June marks National Oceans Month, a month dedicated to spreading awareness of Earth’s oceans and coastal ecosystems.
Around 71 percent of the Earth’s surface is ocean. We play on its coasts, fish there, buy and sell products transported by ships, and depend on exploration and production of energy, mineral, and living resources.
A myriad of competing demands for our ocean resources calls for a sustainable balance between using resources and protecting and preserving a healthy environment.
Marine Planning: Balancing Competing Demands
Marine planning is a process for identifying areas most suitable for various activities in order to avoid conflicts, facilitate compatible uses and reduce environmental impacts. Through marine planning, officials analyze the current and anticipated status, use and vulnerability of ocean, coastal and Great Lakes areas. This effort also aims to preserve critical ecosystem services needed to meet economic, environmental, security and social objectives.
Start with Science
USGS scientists conduct research and provide information and knowledge needed to make informed decisions. In order to plan, it’s vital for managers and decision makers to know what they are planning for, and USGS science underpins those choices.
USGS expertise includes characterizing and mapping the seafloor, identifying habitat, hazards, and resources, and assessing how oceans and coasts have changed and could change in the future. USGS’s diverse science allows for a big-picture perspective on the interconnectivity between people and our environment.
A new report by the USGS outlines a set of marine planning data categories, which include a range of facets that are considered when making cost-benefit decisions about ocean use. This report is also valuable as it presents a clearly defined and consistent vocabulary that serves as a baseline and framework for organizing and describing complex information.
Dive in and Grab a Guide
The five top-level categories of topics in the new USGS report include living resources, non-living resources, ocean uses, governance and infrastructure. Current USGS projects illustrate these topics.
Living organisms along oceans and coastlines each have special characteristics that serve critical purposes to support our ecosystems. For example, coral reefs act as barriers to protect coastlines from hazards, provide habitats for fisheries and support tourism and recreational industries.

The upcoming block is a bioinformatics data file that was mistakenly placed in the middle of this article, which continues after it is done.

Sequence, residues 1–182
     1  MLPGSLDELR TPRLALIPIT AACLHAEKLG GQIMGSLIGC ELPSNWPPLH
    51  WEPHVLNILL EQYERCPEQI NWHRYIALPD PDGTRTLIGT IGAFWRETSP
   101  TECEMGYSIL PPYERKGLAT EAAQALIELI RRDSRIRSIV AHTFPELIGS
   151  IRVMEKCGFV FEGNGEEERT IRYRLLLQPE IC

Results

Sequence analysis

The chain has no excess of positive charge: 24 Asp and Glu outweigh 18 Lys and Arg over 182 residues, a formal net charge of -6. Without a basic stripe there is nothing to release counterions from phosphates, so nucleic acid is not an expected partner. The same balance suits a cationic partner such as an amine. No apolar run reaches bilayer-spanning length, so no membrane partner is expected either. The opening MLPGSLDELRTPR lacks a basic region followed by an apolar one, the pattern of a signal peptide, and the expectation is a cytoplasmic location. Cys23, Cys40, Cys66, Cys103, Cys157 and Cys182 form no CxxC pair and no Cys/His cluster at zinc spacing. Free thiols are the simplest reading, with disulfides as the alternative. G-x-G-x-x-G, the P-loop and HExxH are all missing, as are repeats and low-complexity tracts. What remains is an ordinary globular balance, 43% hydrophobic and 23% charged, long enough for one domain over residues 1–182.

Since global degradation of coral reef ecosystems is prevalent, the USGS Coral Reef Ecosystem Studies Project is incorporating process studies and environmental monitoring to understand coral reef health and resilience. USGS scientists are studying current conditions and forecasting future changes in coral reef health, ultimately helping inform conservation decisions.
Many people may not immediately realize how essential non-living marine resources are to their lives and ecosystems. Ocean currents and water levels impact shipping costs, mobile seafloor features provide critical habitat and barrier islands and sand dunes serve as storm barricades for coastal communities. Also, underwater landslides can generate tsunamis as well as threaten offshore cables and infrastructure.
Another example is gas hydrates, which are “ice-like” combinations of methane gas and water that occur naturally in marine sediments and permafrost areas. Gas hydrates are a significant potential energy resource and influence the stability of the seafloor. USGS scientists are at the forefront in determining where gas hydrates are located as well as whether and how methane contained in gas hydrates can be used as a viable energy source. The USGS conducts field investigations and participates in national and international drilling expeditions. This research will allow decision makers to assess the occurrence and potential recoverability of gas hydrate resources as well as evaluate the hazards to ocean-bottom infrastructure, such as pipelines or cables, associated with underlying gas hydrates.